Choosing the right coffee
There is one simple yet profound thing that we have learned about working with coffee.
It's impossible to guess whether someone will like a particular coffee or not.
Despite elaborate tasting notes and clever descriptions, predicting whether a coffee drinker will enjoy a coffee is like a random stranger trying to tell you what you like to eat without knowing you well enough.
With thousands of unique and distinct raw coffee lots arriving in Australia each year, each with its nuances, it's up to the roaster to take their carefully selected green coffees and convert them into attractive tasting products.
It's easy to be overwhelmed when choosing a coffee to purchase when so many choices exist in a store and across the internet.
If you don't have the level of experience or knowledge in what to look for, then this essential guide will help make it easier.
First things first - everyone is on a journey of learning and discovery with coffee.
There is no right or wrong choice, just opportunities to develop your preferences and narrow the options.
There are folks at the start transitioning from instant or capsule/pod right through to extreme enthusiasts seeking niche, exotic experiences and everything in between.
So, never feel overwhelmed or lost; ask if you need help.
Try starting with blends for inexperienced coffee drinkers taking their first steps into fresh roasted coffee beans or grounds for home.
Our blends comprise the same quality beans as the single origins we sell in our store. So you won't be missing out on anything or buying a dud.
Another critical point to remember is that price is never an accurate indicator of coffee quality.
One of the most significant misrepresentations in the retail coffee market is the belief that the most expensive coffee will provide you with the best experience. It's simply never true.
Many new brands spend a fortune on expensive coffees because they don't know how to roast properly. An average-quality coffee that is well-roasted will taste better than a costly coffee that was poorly roasted.
All coffees have variable pricing due to the global differences (tension) between supply and demand.
Some origins have higher pricing differentials, e.g. Kenya, Sumatra, Ethiopia, Costa Rica, and Panama. Those origins command a more significant price premium in the market to purchase in the raw state; hence, they sell at the retail side for a higher price.
Blends are designed to provide a broader range of tolerances when brewing or extracting coffee, particularly espresso.
That is an important clue to keep in context, as many single-origin coffees will require precise grind and dose brew settings, especially for espresso extraction. It would not be unusual to adjust your grinder by a significant margin when changing from Sumatra to Brazil's single origin.
One requires a finer grind than the order, and the differences are amplified under espresso extraction.
Coffee blends are more forgiving concerning grind and dose settings, making blends easier to use on espresso machines and grinders. However, avoid falling into the trap of being lazy and thinking that all blends behave the same - they don't.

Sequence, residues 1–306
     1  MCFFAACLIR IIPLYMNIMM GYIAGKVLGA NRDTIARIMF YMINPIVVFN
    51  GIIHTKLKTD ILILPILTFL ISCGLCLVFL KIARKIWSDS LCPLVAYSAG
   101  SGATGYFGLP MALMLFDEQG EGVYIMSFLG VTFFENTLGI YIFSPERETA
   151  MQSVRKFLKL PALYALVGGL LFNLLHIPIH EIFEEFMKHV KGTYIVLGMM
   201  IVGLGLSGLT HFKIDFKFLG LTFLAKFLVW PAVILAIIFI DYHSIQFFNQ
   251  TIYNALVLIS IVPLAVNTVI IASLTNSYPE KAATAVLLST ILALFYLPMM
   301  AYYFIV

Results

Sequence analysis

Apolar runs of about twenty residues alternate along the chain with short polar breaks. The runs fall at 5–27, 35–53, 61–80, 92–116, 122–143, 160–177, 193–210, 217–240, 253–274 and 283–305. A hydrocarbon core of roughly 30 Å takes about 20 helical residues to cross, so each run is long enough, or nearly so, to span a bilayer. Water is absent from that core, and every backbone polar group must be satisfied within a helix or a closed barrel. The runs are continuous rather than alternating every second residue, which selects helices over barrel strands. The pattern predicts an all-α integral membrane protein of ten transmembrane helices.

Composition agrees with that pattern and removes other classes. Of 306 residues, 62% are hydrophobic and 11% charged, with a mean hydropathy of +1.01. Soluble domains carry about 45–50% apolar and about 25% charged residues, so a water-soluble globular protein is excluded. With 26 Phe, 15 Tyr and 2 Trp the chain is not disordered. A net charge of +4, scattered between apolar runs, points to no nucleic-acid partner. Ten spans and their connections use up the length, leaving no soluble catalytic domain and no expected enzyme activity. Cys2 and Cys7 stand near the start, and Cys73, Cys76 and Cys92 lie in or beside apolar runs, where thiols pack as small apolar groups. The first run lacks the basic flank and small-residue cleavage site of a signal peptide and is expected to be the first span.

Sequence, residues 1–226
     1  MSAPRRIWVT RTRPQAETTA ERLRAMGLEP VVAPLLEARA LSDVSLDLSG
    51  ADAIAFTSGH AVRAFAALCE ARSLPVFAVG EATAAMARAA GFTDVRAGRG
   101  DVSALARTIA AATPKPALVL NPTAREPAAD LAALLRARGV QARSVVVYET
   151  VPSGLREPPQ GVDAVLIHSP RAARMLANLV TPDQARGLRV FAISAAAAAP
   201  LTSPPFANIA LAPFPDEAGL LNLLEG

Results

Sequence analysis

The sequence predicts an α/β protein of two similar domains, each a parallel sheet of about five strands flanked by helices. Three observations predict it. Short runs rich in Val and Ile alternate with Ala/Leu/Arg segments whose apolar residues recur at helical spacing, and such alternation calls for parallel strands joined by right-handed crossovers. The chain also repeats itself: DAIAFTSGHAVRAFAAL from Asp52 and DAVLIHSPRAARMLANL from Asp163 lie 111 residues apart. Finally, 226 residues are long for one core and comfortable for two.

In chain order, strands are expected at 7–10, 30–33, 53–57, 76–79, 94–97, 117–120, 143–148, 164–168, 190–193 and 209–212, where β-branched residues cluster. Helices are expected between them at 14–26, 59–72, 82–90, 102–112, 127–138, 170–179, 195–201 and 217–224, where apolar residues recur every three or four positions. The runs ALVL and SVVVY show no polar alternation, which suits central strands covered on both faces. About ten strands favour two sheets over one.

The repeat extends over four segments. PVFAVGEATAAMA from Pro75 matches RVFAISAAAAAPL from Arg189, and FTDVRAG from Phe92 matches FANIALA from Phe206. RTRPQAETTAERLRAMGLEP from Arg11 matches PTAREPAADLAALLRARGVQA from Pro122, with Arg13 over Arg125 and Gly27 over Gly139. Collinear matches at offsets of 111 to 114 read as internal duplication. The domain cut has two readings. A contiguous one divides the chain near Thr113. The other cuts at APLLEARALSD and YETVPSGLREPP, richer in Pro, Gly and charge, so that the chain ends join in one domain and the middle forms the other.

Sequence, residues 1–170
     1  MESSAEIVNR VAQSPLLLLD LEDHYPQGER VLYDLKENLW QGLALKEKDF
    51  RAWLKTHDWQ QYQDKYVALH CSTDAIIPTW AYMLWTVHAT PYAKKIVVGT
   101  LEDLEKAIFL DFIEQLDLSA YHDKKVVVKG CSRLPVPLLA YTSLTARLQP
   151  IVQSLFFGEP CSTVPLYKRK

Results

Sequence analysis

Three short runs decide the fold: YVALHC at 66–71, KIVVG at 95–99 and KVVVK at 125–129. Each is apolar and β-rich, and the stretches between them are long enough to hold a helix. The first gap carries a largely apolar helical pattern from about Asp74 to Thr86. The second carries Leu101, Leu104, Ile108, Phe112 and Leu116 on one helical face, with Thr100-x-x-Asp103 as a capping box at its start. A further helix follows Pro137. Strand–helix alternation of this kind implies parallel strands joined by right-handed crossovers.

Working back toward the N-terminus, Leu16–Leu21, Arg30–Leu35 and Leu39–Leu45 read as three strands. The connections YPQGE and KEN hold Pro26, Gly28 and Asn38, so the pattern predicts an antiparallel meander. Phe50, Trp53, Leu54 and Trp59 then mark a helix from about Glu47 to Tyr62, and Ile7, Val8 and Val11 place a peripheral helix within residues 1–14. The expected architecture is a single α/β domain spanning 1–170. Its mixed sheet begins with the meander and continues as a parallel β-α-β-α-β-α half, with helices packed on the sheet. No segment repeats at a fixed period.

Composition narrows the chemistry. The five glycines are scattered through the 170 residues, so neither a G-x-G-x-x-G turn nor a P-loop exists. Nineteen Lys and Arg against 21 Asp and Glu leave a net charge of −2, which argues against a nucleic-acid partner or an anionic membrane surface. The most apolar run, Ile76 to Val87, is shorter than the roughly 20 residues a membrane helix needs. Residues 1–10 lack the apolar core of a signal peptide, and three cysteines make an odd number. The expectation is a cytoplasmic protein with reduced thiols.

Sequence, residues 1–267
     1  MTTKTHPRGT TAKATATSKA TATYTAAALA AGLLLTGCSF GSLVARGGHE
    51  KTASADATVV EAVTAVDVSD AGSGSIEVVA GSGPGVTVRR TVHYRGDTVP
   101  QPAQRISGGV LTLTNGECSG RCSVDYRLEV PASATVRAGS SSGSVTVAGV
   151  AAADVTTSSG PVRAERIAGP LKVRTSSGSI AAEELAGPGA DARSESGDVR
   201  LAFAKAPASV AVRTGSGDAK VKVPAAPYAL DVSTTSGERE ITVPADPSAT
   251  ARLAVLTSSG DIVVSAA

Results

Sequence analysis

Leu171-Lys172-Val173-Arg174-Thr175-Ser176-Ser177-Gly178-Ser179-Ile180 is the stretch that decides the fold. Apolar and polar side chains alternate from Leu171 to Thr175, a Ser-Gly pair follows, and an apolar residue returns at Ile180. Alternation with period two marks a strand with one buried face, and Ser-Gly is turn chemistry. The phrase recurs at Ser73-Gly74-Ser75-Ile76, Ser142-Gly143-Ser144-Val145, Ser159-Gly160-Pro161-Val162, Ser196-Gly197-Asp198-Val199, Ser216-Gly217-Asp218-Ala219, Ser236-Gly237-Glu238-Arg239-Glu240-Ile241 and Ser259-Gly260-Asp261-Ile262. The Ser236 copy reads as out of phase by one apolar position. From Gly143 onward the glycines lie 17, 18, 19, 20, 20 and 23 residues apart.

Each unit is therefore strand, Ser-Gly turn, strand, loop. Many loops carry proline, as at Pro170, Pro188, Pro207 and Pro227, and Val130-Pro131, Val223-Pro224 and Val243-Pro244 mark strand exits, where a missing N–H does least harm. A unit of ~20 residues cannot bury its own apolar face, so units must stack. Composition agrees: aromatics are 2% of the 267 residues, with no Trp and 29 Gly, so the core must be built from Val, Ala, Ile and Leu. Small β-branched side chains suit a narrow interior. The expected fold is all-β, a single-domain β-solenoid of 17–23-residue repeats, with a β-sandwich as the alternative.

Blends may also have more complexity in the cup due to the fusion generated when combining ingredients.
If you are still deciding what you like in a coffee or are overwhelmed in making a choice, please consider starting with our Luxe blend.
Luxe blend is designed for a broader, more universal appeal among coffee drinkers.
It's ironic that our most popular coffee is Luxe, sold in hundreds of kilos daily and used in premium cafes throughout Victoria.
We have provided a basic overview to help you compare the different blends.
Luxe - rich, smooth, with sweet fruit complexity, nut, caramel, milk chocolate and cocoa with a long creamy finish.
Perfect in milk, Luxe generates a rich and rewarding cup flavour. The flavours build towards the finish with balanced acids. As a milk-based espresso beverage, it's nailed the brief for cappuccino, flat white or latte.
6AM - dark fruits, complex cup of dark chocolate, spices and mixed nuts. Aromatic with a long, coating finish.
An exciting coffee we recommend for black drinkers, e.g. no milk. The acidity is more muted, giving up some fantastic fruit and dark chocolate notes that keep the cup exciting and curious for black drinkers.
Supa Crema - super-clean cup with milk chocolate, caramel, toffee and praline. It is rich with a long Swiss chocolate finish.
Our workhorse blend - is refined, lush and decadent, with Swiss chocolate notes running rampant. A "toblerone" moment.
TomKat - fruity, spicy, wild flavours of dark chocolate and cocoa. Strong, inky mid-palate punch with a long dark chocolate finish.
A surprise package with attractive fruit jumping out of the cup, this coffee has some weight behind its punch. Dark fruit and chocolate notes combine in a perfect symphony of high-flavoured success.
What are single-origin coffees, and why are they so popular?
Our company was part of the original push for single-origin coffees in 2006 when the concept of quality single-origin coffees was not well known.
Back then, coffee was all about very basic blends.
Specialty as a segment was in its infancy, a mere shadow of the well-known presence that specialty commands today.
In 2006, preparing a single-origin coffee was seen as a distraction or nuisance by most coffee roasters/companies.
Before the emergence of specialty coffee, the roasting companies were more concerned about volumes, cost efficiencies and margins.
We could see a great potential to differentiate from all the other brands by offering quality estate coffees to enthusiasts.
We have always sold quality single-origin coffees at fair and reasonable prices to encourage coffee drinkers to experiment and try new experiences.
Single Origin versus Single Estate
Single-origin by default means it's not blended or mixed with coffees from other countries.
However, there will be hundreds or even thousands of coffee lots within a single country.
Every coffee-growing origin may use picked cherries from multiple estates or regions and combine the coffee cherries into a blend or mixture so they can achieve specific qualities or grading levels.